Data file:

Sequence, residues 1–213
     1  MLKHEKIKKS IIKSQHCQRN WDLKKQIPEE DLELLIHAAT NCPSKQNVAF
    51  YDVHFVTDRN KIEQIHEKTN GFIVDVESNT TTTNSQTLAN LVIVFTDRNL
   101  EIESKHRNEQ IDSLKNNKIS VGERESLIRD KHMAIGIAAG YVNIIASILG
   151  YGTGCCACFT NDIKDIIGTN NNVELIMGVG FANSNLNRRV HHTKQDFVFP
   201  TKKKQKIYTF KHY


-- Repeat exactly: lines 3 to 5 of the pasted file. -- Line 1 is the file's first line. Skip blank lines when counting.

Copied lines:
    51  YDVHFVTDRN KIEQIHEKTN GFIVDVESNT TTTNSQTLAN LVIVFTDRNL
   101  EIESKHRNEQ IDSLKNNKIS VGERESLIRD KHMAIGIAAG YVNIIASILG
   151  YGTGCCACFT NDIKDIIGTN NNVELIMGVG FANSNLNRRV HHTKQDFVFP